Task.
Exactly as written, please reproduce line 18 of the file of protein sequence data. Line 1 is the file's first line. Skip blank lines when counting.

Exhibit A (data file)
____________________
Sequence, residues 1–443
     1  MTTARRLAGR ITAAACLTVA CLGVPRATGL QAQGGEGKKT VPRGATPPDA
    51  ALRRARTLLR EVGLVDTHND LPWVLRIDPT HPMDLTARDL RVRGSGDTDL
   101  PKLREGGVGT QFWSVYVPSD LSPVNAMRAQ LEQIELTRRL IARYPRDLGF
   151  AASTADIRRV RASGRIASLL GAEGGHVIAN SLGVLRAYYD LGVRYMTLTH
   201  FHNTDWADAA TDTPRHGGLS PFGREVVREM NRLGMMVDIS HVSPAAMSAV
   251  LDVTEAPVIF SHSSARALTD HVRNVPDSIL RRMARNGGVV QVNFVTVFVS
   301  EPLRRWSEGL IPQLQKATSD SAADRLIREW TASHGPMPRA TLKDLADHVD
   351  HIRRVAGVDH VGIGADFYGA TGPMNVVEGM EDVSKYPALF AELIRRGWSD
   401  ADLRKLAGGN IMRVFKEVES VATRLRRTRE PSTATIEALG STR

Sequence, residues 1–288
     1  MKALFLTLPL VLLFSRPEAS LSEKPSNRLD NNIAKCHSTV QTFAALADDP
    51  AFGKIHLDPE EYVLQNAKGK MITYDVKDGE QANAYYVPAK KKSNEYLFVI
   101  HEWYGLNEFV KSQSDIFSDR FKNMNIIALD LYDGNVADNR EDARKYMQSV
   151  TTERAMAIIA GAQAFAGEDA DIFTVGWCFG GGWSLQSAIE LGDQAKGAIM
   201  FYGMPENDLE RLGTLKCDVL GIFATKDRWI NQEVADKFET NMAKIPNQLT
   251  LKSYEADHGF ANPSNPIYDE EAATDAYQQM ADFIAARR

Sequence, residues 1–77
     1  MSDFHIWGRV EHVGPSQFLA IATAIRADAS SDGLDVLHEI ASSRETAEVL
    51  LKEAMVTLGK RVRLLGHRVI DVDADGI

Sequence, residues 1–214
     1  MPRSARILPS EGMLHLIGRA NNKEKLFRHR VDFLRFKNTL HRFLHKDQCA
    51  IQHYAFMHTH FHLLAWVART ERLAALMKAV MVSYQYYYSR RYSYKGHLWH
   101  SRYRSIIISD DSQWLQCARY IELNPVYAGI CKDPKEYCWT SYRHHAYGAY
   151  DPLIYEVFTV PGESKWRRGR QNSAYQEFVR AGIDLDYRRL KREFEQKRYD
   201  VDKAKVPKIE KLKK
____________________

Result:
Sequence, residues 1–77